Pedro Pascal Says He Forgot That He Starred in NBC's Wonder Woman Pilot: 'I Had No Association'

Wonder Woman 1984  isn't' the first time Pedro Pascal has been apart of the superhero's story.

In a recent interview with Entertainment Weekly the 45-year-old actor reflected on his role in NBC's 2011 Wonder Woman pilot  — which starred Adrianne Palicki as Diana Prince and her alter ego, Diana Themyscira — and revealed that, for a moment, he forgot he even starred in the project.

"Getting Wonder Woman 1984 blew my mind so much that anything that had ever happened to me prior, I don’t recall; I had no association," Pascal told EW. "And that's not to say that getting the Wonder Woman pilot from 2011 wasn’t a party for me, and I was devastated it didn’t get picked up."

"I love Adrianne Palicki. I love David E. Kelley," he added. "And I thought it was a very, very risky and interesting take in terms of what they were trying to do."

The primetime series that never came to air reimagined Wonder Woman as a Los Angeles-based superhero and her alter ego, who served as the head of a large Wonder Woman merchandizing corporation that funded her crime-fighting, per EW.

Cary Elwes, Elizabeth Hurley, and Tracie Thoms also starred alongside Palicki, 37, and Pascal, who played Ed Indelicato, Diana's liaison to the LAPD in the series. In Wonder Woman 1984, Pascal stars as one of the two villains in the film, businessman Max Lord.

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Pascal went on to explain that the NBC pilot strayed from his memory after the impact of 2017’s Wonder Woman and how thrilled he was to be reuniting with director Patty Jenkins, who previously directed him in the 2015 pilot, Exposed.

"It's only after [being cast] that I start to remember the association and the strangeness of being part of two different Wonder Woman experiences because the first Wonder Woman that Patty and Gal [Gadot] made together with Charles Roven took a dominant position in every sense that in many ways," he told the outlet. "You can never say this is the only Wonder Woman [because] Lynda Carter will be with us for the rest of our lives. But in terms of our current era of superhero movies, it seems like there was nothing before this Wonder Woman and so to be in the next one was bonkers because I also did a pilot with Patty Jenkins that didn't go to series."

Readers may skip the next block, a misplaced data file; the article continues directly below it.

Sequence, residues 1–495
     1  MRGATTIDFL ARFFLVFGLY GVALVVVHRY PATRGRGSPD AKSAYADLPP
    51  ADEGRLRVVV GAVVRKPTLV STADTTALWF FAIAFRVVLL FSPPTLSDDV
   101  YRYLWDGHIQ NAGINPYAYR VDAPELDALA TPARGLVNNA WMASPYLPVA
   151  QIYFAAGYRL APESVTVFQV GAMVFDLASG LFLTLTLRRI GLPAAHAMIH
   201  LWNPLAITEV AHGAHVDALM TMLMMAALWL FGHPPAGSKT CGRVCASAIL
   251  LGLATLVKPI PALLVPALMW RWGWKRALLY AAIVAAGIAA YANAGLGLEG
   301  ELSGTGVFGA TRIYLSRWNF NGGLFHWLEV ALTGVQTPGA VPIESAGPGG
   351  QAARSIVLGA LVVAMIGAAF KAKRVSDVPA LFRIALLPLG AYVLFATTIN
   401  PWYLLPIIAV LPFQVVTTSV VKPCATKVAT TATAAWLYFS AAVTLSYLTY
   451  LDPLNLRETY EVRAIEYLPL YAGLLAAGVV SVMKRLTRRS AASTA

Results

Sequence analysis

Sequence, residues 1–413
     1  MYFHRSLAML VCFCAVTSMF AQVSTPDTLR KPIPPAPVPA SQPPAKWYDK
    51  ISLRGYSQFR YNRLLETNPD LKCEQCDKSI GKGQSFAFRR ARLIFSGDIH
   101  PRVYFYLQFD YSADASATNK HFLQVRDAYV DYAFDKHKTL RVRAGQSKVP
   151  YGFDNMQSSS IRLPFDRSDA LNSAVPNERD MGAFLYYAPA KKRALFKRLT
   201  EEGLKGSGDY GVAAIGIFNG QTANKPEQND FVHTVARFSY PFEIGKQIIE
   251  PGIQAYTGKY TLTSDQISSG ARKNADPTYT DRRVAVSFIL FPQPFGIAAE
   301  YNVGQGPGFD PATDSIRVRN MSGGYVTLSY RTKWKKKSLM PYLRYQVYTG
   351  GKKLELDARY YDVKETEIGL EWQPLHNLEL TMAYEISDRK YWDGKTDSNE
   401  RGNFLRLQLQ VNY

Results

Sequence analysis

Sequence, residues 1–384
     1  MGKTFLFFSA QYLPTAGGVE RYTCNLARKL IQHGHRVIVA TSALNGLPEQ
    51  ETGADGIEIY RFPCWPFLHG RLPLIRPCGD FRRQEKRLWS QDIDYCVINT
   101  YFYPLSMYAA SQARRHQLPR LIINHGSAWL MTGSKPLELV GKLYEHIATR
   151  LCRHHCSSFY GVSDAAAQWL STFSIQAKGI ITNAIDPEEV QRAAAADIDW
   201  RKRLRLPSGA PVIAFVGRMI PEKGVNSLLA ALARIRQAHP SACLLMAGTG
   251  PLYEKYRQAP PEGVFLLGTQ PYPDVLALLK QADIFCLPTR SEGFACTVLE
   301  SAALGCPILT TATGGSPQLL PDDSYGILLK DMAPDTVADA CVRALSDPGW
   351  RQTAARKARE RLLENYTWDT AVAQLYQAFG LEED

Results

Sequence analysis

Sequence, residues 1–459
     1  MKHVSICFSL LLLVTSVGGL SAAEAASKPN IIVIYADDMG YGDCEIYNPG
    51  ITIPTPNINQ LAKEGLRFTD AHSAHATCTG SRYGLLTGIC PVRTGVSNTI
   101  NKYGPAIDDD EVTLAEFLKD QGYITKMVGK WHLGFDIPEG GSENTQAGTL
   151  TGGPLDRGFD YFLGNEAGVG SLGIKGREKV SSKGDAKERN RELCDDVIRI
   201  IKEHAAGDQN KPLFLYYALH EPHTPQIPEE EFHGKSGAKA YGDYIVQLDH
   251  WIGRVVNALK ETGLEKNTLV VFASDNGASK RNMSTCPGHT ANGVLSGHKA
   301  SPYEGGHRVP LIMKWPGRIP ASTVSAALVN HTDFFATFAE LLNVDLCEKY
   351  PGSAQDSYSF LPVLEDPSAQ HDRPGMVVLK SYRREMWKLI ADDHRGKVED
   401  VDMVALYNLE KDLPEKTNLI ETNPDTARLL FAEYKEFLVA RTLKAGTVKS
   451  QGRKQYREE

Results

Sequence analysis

In another chat with  Variety, Pascal further detailed what it was like to land the first Wonder Woman project, explaining that at the time, he thought the "dream come true" TV opportunity would "definitely get picked up."

"David E. Kelley’s influence on television when I was freshly out of college was so huge, and I watched every episode of Friday Night Lights. I also thought that whether it was good or not, it would definitely get picked up," he said. "So that would change my financial situation significantly, even if it was half a season before it got canceled. But it didn’t even get picked up."

Pascal also touched upon whether or not he believes Jenkins, 49, and the team behind the two Wonder Woman films knew he had done the NBC pilot years prior.

"It didn’t actually occur to me, which is kind of crazy. They must have either not have known or not cared," he revealed. "I’m not sure, but it is sort of like an anecdotal thing that completely flew past them."

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